if they are used against you,

if the person runs away,

is burdened by it,

accuses you of ruining their day/night

or gives you the feeling that you are ‘weak’ or that there is something wrong with you for feeling that way…

These kind of reactions according to Jonice are signs that this particular person is not really the best kind of friend for us in the circumstances, that they may actually be like an unsupportive parent and therefore not healthy to be around long term if we really wish to build greater depth and emotional rapport which are so essential to those of us who were emotionally neglected in childhood.

Further more, in terms of understanding the symptom of alexithymia versus emotional awareness which we need to develop as we recover, Jonice points out that the following treatment by parents in childhood is often behind our disconnection from feeling and our emotional life.

  1. The parent doesn’t pay attention to the child’s feelings.
  2. The parent doesn’t make an effort to feel what their child is feeling
  3. The parent doesn’t help the child to find and form words for what they are feeling.
  4. The parent doesn’t help the child to draw connections between what has happened to them and how they are feeling in reaction or guilts or shames then for such a reaction.
  5. The parent does not make emotions an important part of nurturing the child.

If this is the way your parents raised you, then it’s no wonder you developed alexithymia as a result.  It will take time and a lot of help in recovery to help you learn not only to differentiate your feelings and make sense of them but trust yourself in expressing then to others.   Without this capacity your emotional life will suffer as a result.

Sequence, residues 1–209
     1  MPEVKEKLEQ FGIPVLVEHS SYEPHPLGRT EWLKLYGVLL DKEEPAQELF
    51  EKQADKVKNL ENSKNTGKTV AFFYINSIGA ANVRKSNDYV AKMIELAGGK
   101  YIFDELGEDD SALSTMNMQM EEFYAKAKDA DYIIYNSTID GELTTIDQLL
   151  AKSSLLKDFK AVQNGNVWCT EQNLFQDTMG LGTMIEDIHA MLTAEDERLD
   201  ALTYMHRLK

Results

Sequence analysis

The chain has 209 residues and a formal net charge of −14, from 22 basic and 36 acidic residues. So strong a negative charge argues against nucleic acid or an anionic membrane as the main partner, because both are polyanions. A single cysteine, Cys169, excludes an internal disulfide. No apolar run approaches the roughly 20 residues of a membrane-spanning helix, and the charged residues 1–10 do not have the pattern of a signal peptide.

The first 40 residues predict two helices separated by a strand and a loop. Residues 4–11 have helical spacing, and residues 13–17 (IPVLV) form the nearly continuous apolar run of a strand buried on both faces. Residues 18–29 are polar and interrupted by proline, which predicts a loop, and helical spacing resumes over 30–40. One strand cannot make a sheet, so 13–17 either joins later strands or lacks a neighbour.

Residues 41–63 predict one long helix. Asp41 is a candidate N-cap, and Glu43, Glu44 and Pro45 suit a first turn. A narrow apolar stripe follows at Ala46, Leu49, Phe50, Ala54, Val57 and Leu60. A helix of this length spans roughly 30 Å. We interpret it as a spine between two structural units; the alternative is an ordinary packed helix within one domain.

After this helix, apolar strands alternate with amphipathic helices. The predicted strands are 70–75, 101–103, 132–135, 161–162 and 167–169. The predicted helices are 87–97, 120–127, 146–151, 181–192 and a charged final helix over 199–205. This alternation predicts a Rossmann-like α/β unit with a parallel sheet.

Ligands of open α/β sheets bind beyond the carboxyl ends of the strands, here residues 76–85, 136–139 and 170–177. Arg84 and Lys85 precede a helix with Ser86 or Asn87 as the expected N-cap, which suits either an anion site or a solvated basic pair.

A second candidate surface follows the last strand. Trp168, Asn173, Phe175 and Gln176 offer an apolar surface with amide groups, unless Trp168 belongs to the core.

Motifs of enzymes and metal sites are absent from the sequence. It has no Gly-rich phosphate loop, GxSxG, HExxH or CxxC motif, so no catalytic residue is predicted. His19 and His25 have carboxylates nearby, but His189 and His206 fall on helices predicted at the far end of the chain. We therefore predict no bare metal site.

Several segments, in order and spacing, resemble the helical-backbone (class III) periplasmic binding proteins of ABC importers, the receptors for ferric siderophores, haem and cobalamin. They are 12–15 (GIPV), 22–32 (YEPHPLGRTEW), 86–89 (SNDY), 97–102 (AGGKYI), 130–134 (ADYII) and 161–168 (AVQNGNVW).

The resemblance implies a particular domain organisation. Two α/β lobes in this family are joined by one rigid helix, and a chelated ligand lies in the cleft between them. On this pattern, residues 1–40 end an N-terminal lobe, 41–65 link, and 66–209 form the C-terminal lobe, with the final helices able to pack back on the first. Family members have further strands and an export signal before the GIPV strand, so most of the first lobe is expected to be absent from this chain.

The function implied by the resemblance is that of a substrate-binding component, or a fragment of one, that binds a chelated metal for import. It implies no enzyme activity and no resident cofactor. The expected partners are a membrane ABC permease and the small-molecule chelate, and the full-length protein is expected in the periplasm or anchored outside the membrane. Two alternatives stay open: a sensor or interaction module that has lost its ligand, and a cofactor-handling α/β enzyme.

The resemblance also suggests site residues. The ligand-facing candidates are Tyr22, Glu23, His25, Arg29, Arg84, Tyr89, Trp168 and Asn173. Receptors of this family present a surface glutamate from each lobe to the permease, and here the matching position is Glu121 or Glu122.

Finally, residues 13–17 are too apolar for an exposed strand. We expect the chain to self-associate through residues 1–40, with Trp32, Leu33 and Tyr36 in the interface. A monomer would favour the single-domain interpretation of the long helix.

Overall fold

human beings are designed to feel emotion.  When that design is short circuited, first by emotionally neglectful parents and later by the child himself as an adult it throws off the entire system….the human psyche malfunctions when emotions are pushed out of it… emptiness or numbness is worse than pain.  Many people have told me they would prefer feeling anything to (feeling) nothing.  It is very difficult to acknoweldge, makes sense of, or put into words soemthing that is absent.  If you do succed in putting emptiness into words to try to explain it to another person,, it’s very difficult for others to understand it.  Emptiness seems like nothing to most people.  And it is nothing, neither bad or good.  But in the case of a human being’s internal functioning, nothing is definately something.  Emptiness is actually a feeling in and of itself.  And I have discovered that it is a feeling that can be very intense and powerful  In fact, it has the power to drive people to do things to escape it…….

And as Jonice goes onto explain this kind of emptiness leads not only to suicidal feelings but to an attempt to control or hide from the feeling by supresssing the truth of it, denying, avoiding, detaching altogether from human life and relationships.  People with alexithymia suffer in silence, they question the value and meaning of their lives and indulge in escape fantasies and addictions as a result.